The past couple of months I had the pleasure to work for arguably the greatest Dutch global brand in retail. The goal of my work was to construct a geographical dataset for analysis and reporting. Luckily, geo-data and -information is a rabbit hole I’m familiar with. This is a short introduction to the world of Geo data to pique your curiosity.
Welcome to planet earth, we (not all) call it a globe. Fun fact: if you compress the earth to the size of a billiard ball, the earth is more smooth than the billiard ball.
In order to define a location on the planet many systems were used, and many still are. The most common system these days is probably WGS84 (also known as WGS 1984, EPSG:4326). And most commonly referred as “what Google maps uses”.
This WGS84 is used by GPS as well, that’s probably why Google chose it. To turn this into a flat plane they use web mercator. 
As you can see this creates an interesting effect, maybe the reason why so many people overestimate the size of Europe compared to Africa for example.
These pictures are taken from Cartography, Design, Research. 
This is just the tip of the ice globe, there are many more “uhm, what now?” moments when one dives into the world of geography.
This map is great for navigation but terrible for almost all other things. For now I just needed the coordinate system (for the Dutch speaking wordfeud players: coördinatenreferentiesysteem) to put customers and points of sales on the map. It’s great for that purpose.
Geocoding is the process of converting addresses into geographic coordinates, like Dinteloord to 51.635, 4.36944 where I am right now. The 51 latitude points more than half way up from the equator and the 4 longitude means I’m somewhat close to Greenwich .
Every now and then I run into a map with data near Mogadishu when people have the latitude and longitude mixed again.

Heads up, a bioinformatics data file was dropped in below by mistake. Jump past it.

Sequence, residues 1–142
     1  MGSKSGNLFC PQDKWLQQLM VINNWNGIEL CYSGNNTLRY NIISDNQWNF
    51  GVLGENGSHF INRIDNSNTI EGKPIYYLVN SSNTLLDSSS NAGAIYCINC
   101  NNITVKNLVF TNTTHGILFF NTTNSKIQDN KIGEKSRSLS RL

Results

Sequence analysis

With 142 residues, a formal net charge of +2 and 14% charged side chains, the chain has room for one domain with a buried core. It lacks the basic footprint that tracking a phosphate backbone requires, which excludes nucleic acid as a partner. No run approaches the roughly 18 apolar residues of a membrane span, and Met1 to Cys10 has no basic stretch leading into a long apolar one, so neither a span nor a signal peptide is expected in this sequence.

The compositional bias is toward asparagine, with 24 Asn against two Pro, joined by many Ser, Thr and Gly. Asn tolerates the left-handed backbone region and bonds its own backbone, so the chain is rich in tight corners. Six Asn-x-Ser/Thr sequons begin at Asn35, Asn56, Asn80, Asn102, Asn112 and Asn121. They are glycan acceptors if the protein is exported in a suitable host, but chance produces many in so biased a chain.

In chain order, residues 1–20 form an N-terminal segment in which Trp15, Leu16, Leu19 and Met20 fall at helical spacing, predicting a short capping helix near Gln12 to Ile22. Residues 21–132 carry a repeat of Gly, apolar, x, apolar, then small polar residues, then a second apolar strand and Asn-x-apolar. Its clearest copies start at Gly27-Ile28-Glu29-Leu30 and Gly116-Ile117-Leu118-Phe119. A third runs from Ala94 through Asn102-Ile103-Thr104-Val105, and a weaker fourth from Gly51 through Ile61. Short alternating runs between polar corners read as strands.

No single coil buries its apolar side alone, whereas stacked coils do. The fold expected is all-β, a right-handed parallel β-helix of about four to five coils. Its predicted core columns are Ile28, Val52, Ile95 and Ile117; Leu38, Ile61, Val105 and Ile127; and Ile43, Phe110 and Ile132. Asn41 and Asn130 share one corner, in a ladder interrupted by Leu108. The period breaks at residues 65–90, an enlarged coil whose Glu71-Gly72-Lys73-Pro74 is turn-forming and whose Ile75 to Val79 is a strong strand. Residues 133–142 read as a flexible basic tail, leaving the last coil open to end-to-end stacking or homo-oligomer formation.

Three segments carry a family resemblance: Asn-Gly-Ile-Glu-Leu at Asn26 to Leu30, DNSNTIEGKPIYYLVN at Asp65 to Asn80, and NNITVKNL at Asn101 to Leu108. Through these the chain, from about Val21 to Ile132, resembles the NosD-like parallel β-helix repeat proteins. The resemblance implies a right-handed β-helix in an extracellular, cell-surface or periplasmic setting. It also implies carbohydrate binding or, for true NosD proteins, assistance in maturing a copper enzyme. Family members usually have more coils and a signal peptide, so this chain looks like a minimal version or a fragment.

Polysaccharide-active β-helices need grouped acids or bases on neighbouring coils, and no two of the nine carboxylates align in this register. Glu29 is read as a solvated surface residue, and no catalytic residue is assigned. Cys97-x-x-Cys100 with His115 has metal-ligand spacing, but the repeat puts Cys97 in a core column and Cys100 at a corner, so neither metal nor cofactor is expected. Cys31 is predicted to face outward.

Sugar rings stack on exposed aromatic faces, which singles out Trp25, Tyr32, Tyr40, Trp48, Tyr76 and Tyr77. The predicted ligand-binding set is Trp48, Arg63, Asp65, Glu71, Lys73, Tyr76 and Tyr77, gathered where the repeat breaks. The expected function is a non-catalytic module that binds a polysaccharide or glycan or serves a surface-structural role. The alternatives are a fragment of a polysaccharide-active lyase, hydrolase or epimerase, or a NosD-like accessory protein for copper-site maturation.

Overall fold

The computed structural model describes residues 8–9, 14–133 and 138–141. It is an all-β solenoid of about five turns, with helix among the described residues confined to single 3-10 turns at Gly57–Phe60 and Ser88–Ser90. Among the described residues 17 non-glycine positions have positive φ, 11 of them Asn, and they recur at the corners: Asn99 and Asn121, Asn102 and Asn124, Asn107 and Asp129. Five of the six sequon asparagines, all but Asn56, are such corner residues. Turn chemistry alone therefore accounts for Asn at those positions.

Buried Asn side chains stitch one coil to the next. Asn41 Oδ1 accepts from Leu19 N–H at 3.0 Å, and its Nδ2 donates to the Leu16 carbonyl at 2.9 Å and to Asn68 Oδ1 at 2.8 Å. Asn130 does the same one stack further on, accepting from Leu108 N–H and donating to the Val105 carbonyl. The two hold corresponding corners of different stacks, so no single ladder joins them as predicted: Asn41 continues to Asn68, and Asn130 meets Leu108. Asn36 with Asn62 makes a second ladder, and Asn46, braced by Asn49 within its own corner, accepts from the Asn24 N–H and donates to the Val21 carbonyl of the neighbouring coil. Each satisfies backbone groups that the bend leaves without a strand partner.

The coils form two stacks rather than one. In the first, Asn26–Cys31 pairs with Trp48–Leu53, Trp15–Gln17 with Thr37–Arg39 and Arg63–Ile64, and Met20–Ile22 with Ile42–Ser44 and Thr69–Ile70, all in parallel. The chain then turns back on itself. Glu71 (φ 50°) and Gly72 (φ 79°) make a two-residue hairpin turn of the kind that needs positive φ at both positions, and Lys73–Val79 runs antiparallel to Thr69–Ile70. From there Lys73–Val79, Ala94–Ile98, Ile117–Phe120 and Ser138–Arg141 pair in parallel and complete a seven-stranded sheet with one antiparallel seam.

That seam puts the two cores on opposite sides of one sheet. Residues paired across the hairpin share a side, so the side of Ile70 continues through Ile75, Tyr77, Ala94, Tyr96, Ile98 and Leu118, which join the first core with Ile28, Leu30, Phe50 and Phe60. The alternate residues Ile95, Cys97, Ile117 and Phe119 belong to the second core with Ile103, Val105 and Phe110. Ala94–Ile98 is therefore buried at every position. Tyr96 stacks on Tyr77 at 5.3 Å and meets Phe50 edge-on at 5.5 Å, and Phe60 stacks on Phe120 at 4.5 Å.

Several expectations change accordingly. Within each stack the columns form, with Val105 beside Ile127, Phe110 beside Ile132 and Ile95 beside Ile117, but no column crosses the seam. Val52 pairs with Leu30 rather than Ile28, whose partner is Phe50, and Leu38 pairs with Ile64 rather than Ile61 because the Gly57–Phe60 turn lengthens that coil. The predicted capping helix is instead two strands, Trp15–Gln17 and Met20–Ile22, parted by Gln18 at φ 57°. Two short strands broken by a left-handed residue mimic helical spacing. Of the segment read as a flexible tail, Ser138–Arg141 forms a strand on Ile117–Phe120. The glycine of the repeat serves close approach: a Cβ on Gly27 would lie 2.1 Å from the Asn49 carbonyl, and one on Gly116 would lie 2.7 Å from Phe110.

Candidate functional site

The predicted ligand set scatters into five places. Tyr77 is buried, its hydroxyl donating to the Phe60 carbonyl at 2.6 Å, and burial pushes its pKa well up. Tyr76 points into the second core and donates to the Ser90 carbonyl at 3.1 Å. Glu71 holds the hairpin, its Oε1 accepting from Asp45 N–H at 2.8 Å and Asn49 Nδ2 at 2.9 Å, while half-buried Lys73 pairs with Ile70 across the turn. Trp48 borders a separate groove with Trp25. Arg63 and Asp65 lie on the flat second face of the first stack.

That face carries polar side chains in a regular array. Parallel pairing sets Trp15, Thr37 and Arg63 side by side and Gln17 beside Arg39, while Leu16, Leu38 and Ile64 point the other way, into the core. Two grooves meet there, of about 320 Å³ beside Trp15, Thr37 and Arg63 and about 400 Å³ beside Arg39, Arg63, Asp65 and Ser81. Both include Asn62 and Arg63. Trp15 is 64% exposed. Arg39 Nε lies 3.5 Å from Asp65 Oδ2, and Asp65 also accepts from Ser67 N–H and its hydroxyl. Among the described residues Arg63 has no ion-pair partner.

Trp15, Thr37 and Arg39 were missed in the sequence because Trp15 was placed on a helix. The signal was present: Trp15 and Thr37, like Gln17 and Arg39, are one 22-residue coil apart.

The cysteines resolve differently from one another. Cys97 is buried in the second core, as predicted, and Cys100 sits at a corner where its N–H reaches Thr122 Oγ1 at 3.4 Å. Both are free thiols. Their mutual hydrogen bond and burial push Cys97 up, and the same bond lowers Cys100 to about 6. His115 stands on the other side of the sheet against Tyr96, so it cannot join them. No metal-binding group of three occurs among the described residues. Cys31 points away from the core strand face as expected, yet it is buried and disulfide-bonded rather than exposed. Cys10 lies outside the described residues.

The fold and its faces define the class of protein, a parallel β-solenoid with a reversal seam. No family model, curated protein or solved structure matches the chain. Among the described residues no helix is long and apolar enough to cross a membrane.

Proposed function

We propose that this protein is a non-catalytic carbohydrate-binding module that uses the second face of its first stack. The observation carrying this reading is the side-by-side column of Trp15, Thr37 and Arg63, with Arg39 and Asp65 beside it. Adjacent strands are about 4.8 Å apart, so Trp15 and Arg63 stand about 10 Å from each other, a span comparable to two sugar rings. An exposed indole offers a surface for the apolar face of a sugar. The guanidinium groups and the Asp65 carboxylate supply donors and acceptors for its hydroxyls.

Azure provides a batch service for Geocoding, something Google does not provide. We use this service to geocode CRM data.
Now we have customers and their sales as points on the WGS84 map, we want to do things like accumulating sales for the city of London, a great and typical European city in one of our most respected European countries that we like to have as a member in our union, our best island inhabiting friends, etc. etc.
But what is London? It is a concept. And concepts tend to change with the context they are in. As you can see in this visualization of the concept “B” or is it “13”?
This are polygons, sets of points connected to form a field. The Greater London polygon is actually two polygons, called a multi-polygon because it is donut shaped. Yum!
This is another “uhm, what now?” moment, our concepts of regions are not set in stone. London is fairly simple, Paris is chaos, Cyprus is even crazier sporting a UN Buffer Zone which does not belong to any country depending on who you ask.
When we have our data tied to absolute points on a coordinate system we like it is necessary to cluster those points, or aggregate them to a region like country. A country border is just a projection of a border concept and there are many public clusters you can find like postal codes, countries, streets, cities, etc. Or you sport your own maps based on service area’s, the weather, average age, income per household or cycle-time-to-nearest-store and this is where the data meets the business. What projection would you like to overlay on your data points?
Where art thou? H’re am I. 
You could say that I live in Dinteloord and municipality Steenbergen and the historical region of Brabantse Wal and the province of Noord-Brabant and The Netherlands and the Benelux and the European Union and Europe and planet Earth and the Sun system and the Milky Way galaxy and the Virgo cluster and the Virgo super cluster and the Universe and in some state of some string or just in a simulation.
Where are you?